The article “The Journey Toward Literacy Begins in Infancy: The Reach Out and Read Innovation” was written by Jean Ciborowski Fahey and Judith Forman and published in Childhood Education in 2012. It focuses on the operations of an organization called Reach Out and Read, the main goal of which is to facilitate early literacy and school readiness across the United States. It has been scientifically proven that the practices adopted by the Reach Out and Read program make a difference in the performance of children who use them, which is especially evident for low-income children.
The article intends to let parents of preschoolers know how critical it is to give sufficient attention to the act of reading to children aloud for their brain development. The authors believe that Reach Out and Read compares favorably with similar initiatives for several reasons. The substantiation of the necessity for the program is justified by the citation of particular facts and numbers.
First, when speaking about infants, reading aloud to them is essential since the spoken language’s rhythm and tone provide a soothing effect and makes them want to imitate the intonations heard. Secondly, there is proof that the so-called “learning gap” starts to widen from the earliest age, especially for kids from underprivileged families (Fahey and Forman, 2012, p. 218). The study shows that if there are no interventions, children from low-income families are more likely to fall behind than their higher-income peers. For example, when assessing reading levels, more than 80% of 4th-graders from undereducated families score “Below Proficient,” whereas about half of their counterparts from educated families do (Fahey and Forman, 2012, p. 218). In addition, the effectiveness of Reach Out and Read is further affirmed by several stories from the company employees’ working experience. These stories are illustrative of the enthusiasm that is exhibited by the participants of the program, who demonstrate a willingness to reach after a book more often and enjoy spending time reading more than before.
The evidence provided in the article is properly employed. The article’s main strength is the fact that the authors have consistently and convincingly argued that Reach Out and Read is superior to other programs of the same kind. There is a practical amount of sources credited, and they all seem to confirm the authors’ statements. One weakness that can be marked is the lack of illustrations or charts that could be indicative of some impressive numbers quoted, but otherwise, everything is well constructed.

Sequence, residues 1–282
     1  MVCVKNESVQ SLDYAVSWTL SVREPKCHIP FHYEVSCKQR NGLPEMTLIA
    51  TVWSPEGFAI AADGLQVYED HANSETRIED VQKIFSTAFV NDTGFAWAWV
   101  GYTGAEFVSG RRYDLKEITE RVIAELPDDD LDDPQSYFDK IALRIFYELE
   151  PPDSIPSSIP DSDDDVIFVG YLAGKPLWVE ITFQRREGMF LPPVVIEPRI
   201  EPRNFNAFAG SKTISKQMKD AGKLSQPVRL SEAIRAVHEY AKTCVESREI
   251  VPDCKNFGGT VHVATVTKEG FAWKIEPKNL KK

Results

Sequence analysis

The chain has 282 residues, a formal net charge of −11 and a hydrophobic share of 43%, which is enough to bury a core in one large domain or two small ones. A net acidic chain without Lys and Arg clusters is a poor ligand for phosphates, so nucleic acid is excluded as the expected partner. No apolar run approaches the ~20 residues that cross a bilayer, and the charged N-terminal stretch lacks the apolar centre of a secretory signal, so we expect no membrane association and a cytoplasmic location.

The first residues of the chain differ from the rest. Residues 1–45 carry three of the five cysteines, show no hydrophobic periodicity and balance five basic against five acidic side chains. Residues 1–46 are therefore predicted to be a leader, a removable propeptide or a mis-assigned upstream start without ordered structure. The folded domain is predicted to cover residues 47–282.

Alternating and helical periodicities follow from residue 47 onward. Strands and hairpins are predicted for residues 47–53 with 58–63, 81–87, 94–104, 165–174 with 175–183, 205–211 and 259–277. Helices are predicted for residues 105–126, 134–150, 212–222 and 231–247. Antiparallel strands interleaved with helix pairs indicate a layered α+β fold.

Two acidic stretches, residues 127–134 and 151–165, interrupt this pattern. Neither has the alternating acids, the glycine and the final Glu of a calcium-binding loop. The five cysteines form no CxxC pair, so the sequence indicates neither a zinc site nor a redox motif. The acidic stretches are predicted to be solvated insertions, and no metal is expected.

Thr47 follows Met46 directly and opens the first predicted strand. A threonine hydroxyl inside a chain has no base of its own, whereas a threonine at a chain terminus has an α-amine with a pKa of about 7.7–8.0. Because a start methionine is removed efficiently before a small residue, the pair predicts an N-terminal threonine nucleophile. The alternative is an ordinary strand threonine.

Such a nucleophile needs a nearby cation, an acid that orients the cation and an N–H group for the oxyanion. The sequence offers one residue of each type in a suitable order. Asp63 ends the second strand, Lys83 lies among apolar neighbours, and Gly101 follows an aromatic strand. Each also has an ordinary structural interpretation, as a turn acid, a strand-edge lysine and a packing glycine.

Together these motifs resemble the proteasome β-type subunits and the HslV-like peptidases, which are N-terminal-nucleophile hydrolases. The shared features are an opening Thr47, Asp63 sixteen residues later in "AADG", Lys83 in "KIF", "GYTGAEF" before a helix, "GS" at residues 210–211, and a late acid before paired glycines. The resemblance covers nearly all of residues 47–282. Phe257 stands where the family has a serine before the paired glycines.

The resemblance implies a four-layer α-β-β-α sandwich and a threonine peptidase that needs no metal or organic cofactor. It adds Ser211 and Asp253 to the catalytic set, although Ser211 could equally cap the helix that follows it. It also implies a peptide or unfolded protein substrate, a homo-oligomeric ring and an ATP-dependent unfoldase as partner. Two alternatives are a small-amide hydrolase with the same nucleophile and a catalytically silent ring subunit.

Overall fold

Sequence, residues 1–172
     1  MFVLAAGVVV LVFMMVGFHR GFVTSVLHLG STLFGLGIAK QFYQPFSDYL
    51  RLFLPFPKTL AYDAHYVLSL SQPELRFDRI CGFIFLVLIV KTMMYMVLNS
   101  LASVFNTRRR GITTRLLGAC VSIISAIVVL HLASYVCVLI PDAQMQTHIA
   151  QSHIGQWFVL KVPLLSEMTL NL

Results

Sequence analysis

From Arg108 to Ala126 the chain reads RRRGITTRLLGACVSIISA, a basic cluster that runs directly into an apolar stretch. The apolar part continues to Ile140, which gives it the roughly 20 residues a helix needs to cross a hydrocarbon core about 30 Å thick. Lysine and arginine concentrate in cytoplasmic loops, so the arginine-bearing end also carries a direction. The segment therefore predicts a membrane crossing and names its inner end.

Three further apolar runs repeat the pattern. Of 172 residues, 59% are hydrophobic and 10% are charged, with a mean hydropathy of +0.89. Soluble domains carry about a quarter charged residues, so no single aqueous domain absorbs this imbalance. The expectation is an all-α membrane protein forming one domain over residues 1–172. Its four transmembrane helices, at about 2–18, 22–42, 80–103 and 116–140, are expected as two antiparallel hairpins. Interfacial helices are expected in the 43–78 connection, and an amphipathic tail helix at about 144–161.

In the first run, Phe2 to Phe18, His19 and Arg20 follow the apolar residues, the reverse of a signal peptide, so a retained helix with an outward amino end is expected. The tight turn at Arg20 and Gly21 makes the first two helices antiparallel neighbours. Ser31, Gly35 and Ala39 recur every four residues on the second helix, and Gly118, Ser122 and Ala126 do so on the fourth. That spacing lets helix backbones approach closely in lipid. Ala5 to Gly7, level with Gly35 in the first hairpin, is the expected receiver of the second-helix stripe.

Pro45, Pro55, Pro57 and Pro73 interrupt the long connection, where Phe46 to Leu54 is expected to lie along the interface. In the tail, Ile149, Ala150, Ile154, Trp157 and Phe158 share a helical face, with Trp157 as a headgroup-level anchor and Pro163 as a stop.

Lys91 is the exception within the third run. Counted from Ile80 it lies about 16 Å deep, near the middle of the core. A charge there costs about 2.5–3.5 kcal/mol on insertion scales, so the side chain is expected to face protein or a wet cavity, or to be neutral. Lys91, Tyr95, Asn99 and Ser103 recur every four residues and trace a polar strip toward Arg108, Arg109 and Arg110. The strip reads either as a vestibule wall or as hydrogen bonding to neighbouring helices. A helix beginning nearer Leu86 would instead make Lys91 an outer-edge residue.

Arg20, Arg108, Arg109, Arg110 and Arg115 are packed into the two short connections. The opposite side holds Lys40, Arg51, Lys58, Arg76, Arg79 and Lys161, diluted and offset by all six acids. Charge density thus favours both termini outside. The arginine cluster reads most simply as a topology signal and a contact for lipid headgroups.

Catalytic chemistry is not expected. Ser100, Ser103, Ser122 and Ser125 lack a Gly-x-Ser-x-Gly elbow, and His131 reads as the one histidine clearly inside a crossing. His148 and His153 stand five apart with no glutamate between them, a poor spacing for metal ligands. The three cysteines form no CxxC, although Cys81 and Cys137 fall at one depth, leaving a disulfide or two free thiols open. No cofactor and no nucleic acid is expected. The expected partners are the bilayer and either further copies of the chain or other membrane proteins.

When it comes to the point of interest, one of the facts stated in the article might seem quite surprising. Fahey and Forman (2012) cite the results of the study that points to the peculiar number – of 30 million. This is how many more words children from educated families are considered to have heard by the age of 3 as compared to their uneducated contemporaries (p.218). There are scholars who believe that the methodology used to gather this sample is of concern. For one, Walker and Carta (2020) cite the claim on how there is still a very high percentage of various minorities – racial, cultural, and ethnic – in underprivileged groups in the USA. It is no different from when the data on the figure specified above was captured, which has not been acknowledged. Moreover, Abraham (2020) cites evidence, refuting the figure in question altogether: it was found that there is not a word gap between children from families with different socioeconomic statuses. Which confirmed that when comparing the number of words uttered among people, a range of criteria is to be recognized – not only the social and economic situation.
In conclusion, the methods applied by Reach Out and Read have proved to and continue to be resourceful. Essentially, this program might be one of the keys to solving the cognitive disparities that can occur between children with the difference in wealth in their families. When a child’s development is intentionally paid attention to from the very beginning of birth, the results might be impressive.
Abraham, S. (2020). What counting words has really taught us: The word gap, a dangerous, but useful discourse. Equity & Excellence in Education, 53(1-2), 137-150. Web.
Fahey, J., & Forman, J. (2012). The journey toward literacy begins in infancy: The Reach Out and Read innovation. Childhood Education, 88(4), 217-220. Web.
Walker, D., & Carta, J. J. (2020). Intervention research to improve language-learning opportunities and address the inequities of the word gap. Web.